Daniel Defoe relates the tale of an English sailor marooned on a desert island for nearly three decades. An ordinary man struggling to survive in extraordinary circumstances, Robinson Crusoe wrestles with fate and the nature of God. This edition features maps.
About the Author
English author Daniel Defoe was at times a trader, political activist, criminal, spy and writer, and is considered to be one of England's first journalists. A prolific writer, Defoe is known to have used at least 198 pen names over the course of a career in which he produced more than five hundred written works. Defoe is best-known for his novels detailing the adventures of the castaway Robinson Crusoe, which helped establish and popularize the novel in eighteenth century England. In addition to Robinson Crusoe, Defoe penned other famous works including Captain Singleton, A Journal of the Plague Year, Captain Jack, Moll Flanders and Roxana. Defoe died in 1731.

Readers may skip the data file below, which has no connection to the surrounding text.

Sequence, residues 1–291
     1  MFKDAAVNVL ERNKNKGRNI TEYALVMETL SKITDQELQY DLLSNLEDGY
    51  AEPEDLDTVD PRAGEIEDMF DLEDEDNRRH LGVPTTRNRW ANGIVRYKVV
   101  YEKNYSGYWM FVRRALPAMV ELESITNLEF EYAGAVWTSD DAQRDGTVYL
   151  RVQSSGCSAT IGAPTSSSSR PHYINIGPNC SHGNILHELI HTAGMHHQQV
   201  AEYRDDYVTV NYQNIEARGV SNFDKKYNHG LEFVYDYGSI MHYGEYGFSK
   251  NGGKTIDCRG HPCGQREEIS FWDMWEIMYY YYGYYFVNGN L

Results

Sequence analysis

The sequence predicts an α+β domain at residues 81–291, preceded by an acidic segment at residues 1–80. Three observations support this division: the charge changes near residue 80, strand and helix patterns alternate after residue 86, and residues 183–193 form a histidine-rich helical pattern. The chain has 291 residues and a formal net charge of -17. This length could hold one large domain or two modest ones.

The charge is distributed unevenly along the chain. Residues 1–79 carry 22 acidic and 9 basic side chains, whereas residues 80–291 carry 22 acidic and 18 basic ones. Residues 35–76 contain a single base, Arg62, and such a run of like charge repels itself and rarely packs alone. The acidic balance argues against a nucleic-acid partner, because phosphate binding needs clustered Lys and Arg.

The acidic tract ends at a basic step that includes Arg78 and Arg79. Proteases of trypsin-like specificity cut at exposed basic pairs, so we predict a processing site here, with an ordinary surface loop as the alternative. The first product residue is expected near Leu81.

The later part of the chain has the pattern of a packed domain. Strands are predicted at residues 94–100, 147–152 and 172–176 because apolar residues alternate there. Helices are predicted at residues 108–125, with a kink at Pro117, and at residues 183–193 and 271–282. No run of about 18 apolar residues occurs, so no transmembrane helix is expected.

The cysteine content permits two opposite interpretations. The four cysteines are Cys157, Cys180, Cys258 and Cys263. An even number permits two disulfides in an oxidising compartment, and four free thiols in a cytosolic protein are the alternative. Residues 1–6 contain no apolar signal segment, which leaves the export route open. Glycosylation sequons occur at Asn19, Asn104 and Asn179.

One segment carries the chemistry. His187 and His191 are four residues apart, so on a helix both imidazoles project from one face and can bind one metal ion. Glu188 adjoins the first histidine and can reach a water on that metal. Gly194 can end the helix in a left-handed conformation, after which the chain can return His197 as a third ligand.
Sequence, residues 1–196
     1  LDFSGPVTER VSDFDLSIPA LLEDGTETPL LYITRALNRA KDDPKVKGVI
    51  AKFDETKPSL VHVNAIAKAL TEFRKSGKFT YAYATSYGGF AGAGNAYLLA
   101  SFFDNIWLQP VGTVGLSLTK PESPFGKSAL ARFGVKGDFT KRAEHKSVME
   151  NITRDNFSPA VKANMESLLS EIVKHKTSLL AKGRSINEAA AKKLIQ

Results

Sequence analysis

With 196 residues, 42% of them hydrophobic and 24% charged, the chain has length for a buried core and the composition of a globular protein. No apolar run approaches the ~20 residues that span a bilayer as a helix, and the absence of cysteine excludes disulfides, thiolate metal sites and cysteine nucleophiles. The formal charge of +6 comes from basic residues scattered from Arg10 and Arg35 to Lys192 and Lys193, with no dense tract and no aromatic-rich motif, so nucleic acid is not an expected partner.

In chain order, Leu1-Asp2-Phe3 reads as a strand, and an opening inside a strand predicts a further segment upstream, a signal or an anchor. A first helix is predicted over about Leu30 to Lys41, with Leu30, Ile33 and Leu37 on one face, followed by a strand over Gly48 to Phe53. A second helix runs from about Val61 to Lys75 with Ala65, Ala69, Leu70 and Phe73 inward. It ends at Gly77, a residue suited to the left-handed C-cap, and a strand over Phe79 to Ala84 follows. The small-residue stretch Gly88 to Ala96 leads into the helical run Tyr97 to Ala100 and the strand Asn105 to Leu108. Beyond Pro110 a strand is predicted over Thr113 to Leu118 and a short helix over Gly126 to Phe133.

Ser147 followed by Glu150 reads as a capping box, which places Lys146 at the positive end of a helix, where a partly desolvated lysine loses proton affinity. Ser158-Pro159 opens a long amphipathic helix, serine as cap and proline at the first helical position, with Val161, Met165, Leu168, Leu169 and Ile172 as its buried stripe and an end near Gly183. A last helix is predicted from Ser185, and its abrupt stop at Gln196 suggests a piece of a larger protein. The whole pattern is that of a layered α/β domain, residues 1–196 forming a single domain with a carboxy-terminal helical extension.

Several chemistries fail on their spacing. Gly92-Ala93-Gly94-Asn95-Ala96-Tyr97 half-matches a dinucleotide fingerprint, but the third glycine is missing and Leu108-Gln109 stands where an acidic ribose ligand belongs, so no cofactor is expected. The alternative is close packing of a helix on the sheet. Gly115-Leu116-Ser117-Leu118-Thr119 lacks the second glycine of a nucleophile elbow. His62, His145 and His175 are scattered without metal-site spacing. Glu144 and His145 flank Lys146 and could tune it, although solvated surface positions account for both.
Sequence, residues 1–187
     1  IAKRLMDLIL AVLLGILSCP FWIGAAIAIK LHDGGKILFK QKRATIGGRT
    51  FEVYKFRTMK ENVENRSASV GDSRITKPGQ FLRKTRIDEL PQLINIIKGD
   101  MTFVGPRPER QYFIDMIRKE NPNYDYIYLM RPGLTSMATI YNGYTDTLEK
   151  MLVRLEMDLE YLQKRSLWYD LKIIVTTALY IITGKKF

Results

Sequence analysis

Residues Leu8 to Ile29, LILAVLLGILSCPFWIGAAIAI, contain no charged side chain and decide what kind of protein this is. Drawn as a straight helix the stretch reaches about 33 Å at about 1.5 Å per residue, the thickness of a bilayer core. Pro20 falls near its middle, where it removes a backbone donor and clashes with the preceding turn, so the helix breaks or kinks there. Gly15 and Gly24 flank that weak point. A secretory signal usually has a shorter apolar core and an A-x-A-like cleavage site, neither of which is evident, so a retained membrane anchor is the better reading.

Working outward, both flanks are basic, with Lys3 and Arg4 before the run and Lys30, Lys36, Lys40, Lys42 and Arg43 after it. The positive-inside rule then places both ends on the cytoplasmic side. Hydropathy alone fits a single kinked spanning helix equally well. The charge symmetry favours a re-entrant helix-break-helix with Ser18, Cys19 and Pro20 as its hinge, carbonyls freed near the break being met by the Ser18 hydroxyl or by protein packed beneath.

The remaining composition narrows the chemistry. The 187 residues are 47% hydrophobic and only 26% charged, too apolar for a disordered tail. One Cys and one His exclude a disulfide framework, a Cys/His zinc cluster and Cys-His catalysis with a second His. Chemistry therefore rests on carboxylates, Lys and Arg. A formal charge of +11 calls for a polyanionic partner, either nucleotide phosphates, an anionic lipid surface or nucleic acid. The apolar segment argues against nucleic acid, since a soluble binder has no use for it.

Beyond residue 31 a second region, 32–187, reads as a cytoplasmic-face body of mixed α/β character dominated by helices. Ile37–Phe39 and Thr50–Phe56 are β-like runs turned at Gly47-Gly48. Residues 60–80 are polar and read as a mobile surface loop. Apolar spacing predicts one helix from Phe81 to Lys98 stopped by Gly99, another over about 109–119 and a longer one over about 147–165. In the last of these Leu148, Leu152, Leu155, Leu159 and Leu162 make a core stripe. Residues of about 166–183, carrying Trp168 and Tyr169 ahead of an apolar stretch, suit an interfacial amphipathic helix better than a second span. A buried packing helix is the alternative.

PAUL THEROUX is the author of many highly acclaimed books; his novels include The Lower River and The Mosquito Coast, and his renowned travel books include Ghost Train to the Eastern Star and Dark Star Safari. He lives in Hawaii and on Cape Cod.
Virginia Woolf was an influential English author best known for her involvement with the Bloomsbury Group, an association of intellectuals and artists including, John Maynard Keynes and E. M. Forster, who are credited with influencing early twentieth-century literature, criticism, and economics. Woolf became a prolific writer in between the two World Wars, and some of her most famous works, including Mrs. Dalloway and To the Lighthouse, are now among the most prominent English books of the modern period. A life-long sufferer of depression, Woolf was institutionalized numerous times before taking her own life in 1941.
“Beyond the end of Robinson Crusoe is a new world of fiction. Even though it did not know itself to be a ‘novel,’ and even though there were books that we might now call ‘novels’ published before it, Robinson Crusoe has made itself into a prototype . . . Perhaps because of all the novels that we have read . . . the novelty of Defoe’s fiction is the more striking when we return to it. Here it is, at the beginning of things, with its final word reaching out into the future.” –from the Introduction by John Mullan